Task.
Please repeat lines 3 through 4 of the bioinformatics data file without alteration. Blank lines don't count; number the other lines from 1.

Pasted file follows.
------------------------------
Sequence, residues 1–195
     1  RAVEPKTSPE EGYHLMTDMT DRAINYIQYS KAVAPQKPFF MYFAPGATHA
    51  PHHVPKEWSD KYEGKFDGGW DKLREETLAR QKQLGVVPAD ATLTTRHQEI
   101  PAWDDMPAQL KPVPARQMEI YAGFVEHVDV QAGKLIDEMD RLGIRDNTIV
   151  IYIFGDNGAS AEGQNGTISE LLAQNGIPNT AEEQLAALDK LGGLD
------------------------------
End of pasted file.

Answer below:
    51  PHHVPKEWSD KYEGKFDGGW DKLREETLAR QKQLGVVPAD ATLTTRHQEI
   101  PAWDDMPAQL KPVPARQMEI YAGFVEHVDV QAGKLIDEMD RLGIRDNTIV